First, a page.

Cisco Systems, Inc. (CSCO), the world's largest computer networking gear maker, said Wednesday after the markets closed that its third quarter profit rose 20% from last year, helped by higher sales and better cost control.
The company's quarterly earnings per share, excluding items, just managed to beat analysts' estimate as did its quarterly sales.
During a conference call with analysts, the company projected 2% to 5% year-over-year sales growth and adjusted earnings of $0.44 to $0.46 per share for the fourth quarter. Analysts polled by Thomson Reuters currently expect earnings of $0.49 per share on revenue growth of 7.1% for the quarter.
As a result, Cisco shares are currently losing 8.57% in after hours trading after closing the day's regular trading session at $18.78, up 7 cents. The shares trade in a 52-week range of $13.30 to $21.30.
The latest quarter marks Cisco's second consecutive quarter of higher profit following four quarters of year-over-year profit declines.
The company has been struggling with rising costs that has threatened to derail its earnings growth. To reduce costs, Cisco has cut thousands of jobs.
"We delivered solid results this quarter with record revenue and non-GAAP earnings per share," said John Chambers, Cisco chairman and CEO. "We are successfully executing against our long-term strategic plan of growing profit faster than revenue, and in a cautious IT spending environment, we continue to outperform our competitors."
For the third quarter ended April 28, 2012, the San Jose, California-based company reported net income for the third quarter of $2.2 billion or $0.40 per share, compared to $1.8 billion or $0.33 per share for the year-ago quarter.
Excluding items, adjusted net income for the third quarter was $2.6 billion or $0.48 per share, compared to $2.3 billion or $0.42 per share in the prior year quarter.
On average, 37 analysts expected the company to earn $0.47 per share for the third quarter. Analysts' estimates typically exclude special items.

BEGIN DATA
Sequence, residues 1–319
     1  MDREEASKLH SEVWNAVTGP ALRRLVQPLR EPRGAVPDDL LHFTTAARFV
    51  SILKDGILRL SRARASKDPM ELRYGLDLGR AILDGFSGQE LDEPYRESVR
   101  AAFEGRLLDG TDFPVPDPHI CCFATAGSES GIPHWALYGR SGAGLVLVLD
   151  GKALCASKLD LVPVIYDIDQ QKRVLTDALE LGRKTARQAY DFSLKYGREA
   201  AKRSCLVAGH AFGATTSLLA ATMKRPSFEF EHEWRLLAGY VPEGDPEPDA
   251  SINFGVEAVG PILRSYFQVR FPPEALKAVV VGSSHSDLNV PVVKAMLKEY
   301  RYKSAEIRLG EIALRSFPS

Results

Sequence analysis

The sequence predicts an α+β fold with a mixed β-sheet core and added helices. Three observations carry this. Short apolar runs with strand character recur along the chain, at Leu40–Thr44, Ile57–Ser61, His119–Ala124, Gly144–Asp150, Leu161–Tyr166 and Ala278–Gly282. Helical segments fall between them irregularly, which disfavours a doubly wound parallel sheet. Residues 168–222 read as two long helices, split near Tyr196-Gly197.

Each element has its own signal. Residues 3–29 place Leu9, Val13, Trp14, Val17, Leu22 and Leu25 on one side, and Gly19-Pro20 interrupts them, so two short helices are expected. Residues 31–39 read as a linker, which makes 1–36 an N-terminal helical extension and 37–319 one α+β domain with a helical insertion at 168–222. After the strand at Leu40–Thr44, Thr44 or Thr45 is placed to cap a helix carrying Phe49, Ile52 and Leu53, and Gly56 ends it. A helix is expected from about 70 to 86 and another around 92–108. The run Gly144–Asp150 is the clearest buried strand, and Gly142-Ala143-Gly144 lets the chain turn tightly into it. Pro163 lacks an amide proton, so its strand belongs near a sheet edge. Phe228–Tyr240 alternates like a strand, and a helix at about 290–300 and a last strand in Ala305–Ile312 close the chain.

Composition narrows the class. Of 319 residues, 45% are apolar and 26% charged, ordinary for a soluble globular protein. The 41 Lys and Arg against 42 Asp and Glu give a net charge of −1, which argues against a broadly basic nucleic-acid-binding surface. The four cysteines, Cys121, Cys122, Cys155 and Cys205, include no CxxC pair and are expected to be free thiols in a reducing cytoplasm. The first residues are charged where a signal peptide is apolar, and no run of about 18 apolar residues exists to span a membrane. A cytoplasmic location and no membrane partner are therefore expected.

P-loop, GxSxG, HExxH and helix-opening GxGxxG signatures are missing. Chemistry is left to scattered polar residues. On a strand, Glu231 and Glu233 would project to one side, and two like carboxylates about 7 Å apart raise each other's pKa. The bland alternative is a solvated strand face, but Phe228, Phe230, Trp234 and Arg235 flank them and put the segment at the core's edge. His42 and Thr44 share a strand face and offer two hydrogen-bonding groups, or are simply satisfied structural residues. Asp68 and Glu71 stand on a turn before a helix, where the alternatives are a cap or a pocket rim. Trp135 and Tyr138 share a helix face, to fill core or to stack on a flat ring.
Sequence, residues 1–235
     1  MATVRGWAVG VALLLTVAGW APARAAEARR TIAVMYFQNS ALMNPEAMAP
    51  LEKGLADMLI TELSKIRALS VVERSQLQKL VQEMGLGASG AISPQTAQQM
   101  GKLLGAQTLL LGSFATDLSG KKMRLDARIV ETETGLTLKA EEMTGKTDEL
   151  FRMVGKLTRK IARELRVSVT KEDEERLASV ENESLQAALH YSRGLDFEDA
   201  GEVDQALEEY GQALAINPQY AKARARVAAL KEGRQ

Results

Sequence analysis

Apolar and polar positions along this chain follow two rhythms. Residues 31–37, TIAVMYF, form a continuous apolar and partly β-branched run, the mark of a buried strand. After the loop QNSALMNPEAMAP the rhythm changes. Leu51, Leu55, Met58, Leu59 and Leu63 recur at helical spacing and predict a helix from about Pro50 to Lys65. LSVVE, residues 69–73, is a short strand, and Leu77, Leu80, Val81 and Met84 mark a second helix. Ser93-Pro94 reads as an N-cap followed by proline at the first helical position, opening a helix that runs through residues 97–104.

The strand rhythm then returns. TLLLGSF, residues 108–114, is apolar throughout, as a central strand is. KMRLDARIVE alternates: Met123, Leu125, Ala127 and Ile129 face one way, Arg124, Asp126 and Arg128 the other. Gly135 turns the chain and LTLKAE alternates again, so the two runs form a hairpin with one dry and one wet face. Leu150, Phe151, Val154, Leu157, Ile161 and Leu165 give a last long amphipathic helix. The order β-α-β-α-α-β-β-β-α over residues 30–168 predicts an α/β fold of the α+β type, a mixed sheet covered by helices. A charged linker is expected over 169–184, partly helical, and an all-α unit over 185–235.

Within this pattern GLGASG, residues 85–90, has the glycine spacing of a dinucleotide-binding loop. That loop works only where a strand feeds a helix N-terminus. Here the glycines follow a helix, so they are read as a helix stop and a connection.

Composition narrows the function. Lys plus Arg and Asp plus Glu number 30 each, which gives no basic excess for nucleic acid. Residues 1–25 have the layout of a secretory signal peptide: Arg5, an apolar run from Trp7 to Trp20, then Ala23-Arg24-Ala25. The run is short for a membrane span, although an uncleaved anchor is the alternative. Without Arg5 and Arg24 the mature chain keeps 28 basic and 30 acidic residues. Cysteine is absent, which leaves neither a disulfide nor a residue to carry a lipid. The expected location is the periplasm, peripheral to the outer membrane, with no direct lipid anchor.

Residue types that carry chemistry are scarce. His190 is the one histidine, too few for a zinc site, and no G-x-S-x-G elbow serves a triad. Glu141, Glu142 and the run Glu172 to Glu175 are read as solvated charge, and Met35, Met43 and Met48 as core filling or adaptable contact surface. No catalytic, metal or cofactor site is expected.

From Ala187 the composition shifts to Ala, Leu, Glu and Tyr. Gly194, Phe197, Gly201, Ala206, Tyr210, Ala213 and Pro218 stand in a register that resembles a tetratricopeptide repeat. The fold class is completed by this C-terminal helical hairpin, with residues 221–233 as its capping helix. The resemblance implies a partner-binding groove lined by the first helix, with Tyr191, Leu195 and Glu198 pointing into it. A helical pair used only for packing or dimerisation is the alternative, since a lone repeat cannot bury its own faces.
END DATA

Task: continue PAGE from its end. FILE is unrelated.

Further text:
Cisco, which makes the routers and switches that direct computer and telecommunications traffic over corporate networks and the Internet, said net sales for the third quarter rose 6.6% to $11.59 billion from $10.87 billion in the same quarter last year. Thirty-eight analysts had a consensus revenue estimate of $11.57 billion for the third quarter.
Product sales for the quarter increased 4.6% to $9.1 billion, while services revenue for the quarter grew 13.6% to $2.5 billion.
During the third quarter, Cisco repurchased 27 million shares of its common stock for $550 million. As of April 28, the company had repurchased and retired 3.6 billion shares of its common stock for an aggregate purchase price of about $74.3 billion since the inception of the stock repurchase program. The remaining authorized amount for stock repurchases under that program is about $7.7 billion with no termination date.
Cisco's balance sheet looked rock solid. The company ended the third quarter with cash and cash equivalents and investment of $48.4 billion, compared to $46.7 billion at the end of the previous quarter and $44.6 billion at the end of fiscal 2011.
Cisco is aggressively pursuing the acquisition-led growth strategy, diversifying its business and entering consumer markets. In March, the company announced its intent to acquire NDS Group Ltd., a provider of video software and content security solutions. The same month, Cisco completed the acquisition of privately held Lightwire, Inc., which develops advanced optical interconnect technology for high-speed networking applications. Cisco has also acquired privately held ClearAccess, Inc.
Last week, Cisco said it would buy privately held Truviso, Inc., a real-time network data analysis and reporting software maker.
Cisco is viewed as a technology-industry bellwether because it dominates the market for routers and switches. Since the company's latest results are for the full month of April, instead of March for many of the technology giants, they are also seen as an early indicator of industry trends.
Juniper Networks, Inc. (JNPR), which competes with Cisco in the router industry, last month reported a 87% drop in first quarter profit, hurt by lower revenue and weaker margins. However, the company's quarterly earnings per share, excluding items, came in above analysts' expectations as did its quarterly revenue. At the same time, the company gave a disappointing outlook for the second quarter.
by RTT Staff Writer
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